Remembering a Jewish philanthropic giant – opinion
Mr. Beren’s impact on the Jewish community, and especially on Jewish education, has been of global magnitude. He spent his life supporting countless major Jewish institutions
Rabbi Dr. Kenneth Brander – September 8, 2023
“Avad chasid min ha’aretz” – A uniquely righteous person has left the world (Micha 7:2)
Last month the Jewish world lost a giant, Robert M. Beren, whose generosity and vision left an indelible mark on the global Jewish community. Yet his legacy lives on and will continue to shape our world far into the future.
Mr. Robert M. Beren was a firm believer in excellence. It was the quality that drove both his professional success as a major player in the American energy sector, as well as the expectations he had of us as the leaders of the major Jewish institutions he supported. It is what held together his varied philanthropic investment portfolio, including institutions as diverse as Harvard University, Beth Medrash Govoha (Lakewood Yeshiva), the Wichita Public School System, United Way, the Mid-Kansas Jewish Appeal and Boys Town Jerusalem. The Beren name has come to be associated with the highest standards of innovative education, strategic engagement, and impactful programming which will continue to push the global Jewish community onwards and upwards for generations to come.
Mr. Beren’s impact on the Jewish community, and especially on Jewish education, has been of global magnitude. He spent his life supporting countless major Jewish institutions: he served as Chairman of the Board of Yeshiva University, was a Board Trustee of the National Conference of Christians and Jews, was a member of the Board of Governors of Hillel International, President of his beloved Ahavath Achim Hebrew Congregation in Wichita, Kansas, and a Board Trustee of the Foundation for Jewish Camp. Mr. Beren was a major investor in numerous other organizations including Ohr Torah Stone, the Robert M. Beren Academy, Palm Beach Orthodox Synagogue, Yeshivas Ner Yisroel, and the Jerusalem College of Technology. But more than simply providing financial support, Mr. Beren was fully invested in promoting a vision of Jewish learning and engagement, always thinking strategically about how best to ensure a flourishing Jewish future.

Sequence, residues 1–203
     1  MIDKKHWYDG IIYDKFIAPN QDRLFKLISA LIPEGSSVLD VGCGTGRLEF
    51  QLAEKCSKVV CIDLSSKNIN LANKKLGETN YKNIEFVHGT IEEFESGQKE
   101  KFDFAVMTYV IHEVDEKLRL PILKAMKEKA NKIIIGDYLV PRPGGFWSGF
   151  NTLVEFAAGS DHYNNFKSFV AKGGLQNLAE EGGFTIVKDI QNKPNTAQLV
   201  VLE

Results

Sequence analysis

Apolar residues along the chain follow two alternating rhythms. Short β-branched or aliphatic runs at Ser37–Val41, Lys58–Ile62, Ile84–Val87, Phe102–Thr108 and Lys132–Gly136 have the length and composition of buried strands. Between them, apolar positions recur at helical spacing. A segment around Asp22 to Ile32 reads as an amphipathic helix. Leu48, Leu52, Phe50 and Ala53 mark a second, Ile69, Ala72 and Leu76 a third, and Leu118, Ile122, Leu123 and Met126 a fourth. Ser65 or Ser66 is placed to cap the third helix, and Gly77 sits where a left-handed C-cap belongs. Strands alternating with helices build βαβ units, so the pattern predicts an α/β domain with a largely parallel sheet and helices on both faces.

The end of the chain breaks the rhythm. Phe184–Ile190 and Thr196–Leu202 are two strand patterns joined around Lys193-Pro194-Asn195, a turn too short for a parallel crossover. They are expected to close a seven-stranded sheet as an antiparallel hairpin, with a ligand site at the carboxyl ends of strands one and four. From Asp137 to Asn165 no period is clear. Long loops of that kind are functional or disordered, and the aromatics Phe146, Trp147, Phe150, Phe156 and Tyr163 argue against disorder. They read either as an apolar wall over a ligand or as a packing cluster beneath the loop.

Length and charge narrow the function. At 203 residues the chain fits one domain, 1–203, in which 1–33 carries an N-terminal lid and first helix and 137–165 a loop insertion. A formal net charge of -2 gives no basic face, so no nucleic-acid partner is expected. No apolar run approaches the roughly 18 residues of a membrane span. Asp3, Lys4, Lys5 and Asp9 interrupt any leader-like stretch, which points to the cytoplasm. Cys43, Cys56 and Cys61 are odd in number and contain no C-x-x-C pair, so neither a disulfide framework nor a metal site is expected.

I was personally blessed, in my role as President of Ohr Torah Stone, to have merited to work closely with Mr. Beren, to learn from and be inspired by him. The Robert M. Beren Machanaim Hesder Yeshiva, as well as the various rabbinical and educational institutions located on the Israel Henry Beren Campus, are a fulfillment of his commitment to producing the next generation of global Jewish leadership.
Understanding the importance of broadening their intellectual horizons to prepare themselves to take part in the IDF and in today’s ever-changing Jewish world, Mr. Beren proposed that relevant courses taught by Israeli university professors should be included into the hesder yeshiva’s and rabbinical seminary’s rigorous Torah study curriculum, a concept which has since been replicated at other yeshivot.